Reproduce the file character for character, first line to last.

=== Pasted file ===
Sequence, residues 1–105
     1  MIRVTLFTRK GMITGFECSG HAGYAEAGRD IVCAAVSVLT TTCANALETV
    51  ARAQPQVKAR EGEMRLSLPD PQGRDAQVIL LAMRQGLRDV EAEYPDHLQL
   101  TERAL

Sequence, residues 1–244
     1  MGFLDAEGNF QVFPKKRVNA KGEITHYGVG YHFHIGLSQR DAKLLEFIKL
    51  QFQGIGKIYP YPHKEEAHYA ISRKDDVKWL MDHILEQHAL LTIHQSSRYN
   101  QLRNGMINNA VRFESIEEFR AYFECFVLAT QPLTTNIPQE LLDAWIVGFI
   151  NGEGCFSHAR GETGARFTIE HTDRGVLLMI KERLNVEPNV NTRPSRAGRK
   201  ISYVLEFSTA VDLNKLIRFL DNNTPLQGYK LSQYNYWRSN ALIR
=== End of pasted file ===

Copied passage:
Sequence, residues 1–105
     1  MIRVTLFTRK GMITGFECSG HAGYAEAGRD IVCAAVSVLT TTCANALETV
    51  ARAQPQVKAR EGEMRLSLPD PQGRDAQVIL LAMRQGLRDV EAEYPDHLQL
   101  TERAL

Sequence, residues 1–244
     1  MGFLDAEGNF QVFPKKRVNA KGEITHYGVG YHFHIGLSQR DAKLLEFIKL
    51  QFQGIGKIYP YPHKEEAHYA ISRKDDVKWL MDHILEQHAL LTIHQSSRYN
   101  QLRNGMINNA VRFESIEEFR AYFECFVLAT QPLTTNIPQE LLDAWIVGFI
   151  NGEGCFSHAR GETGARFTIE HTDRGVLLMI KERLNVEPNV NTRPSRAGRK
   201  ISYVLEFSTA VDLNKLIRFL DNNTPLQGYK LSQYNYWRSN ALIR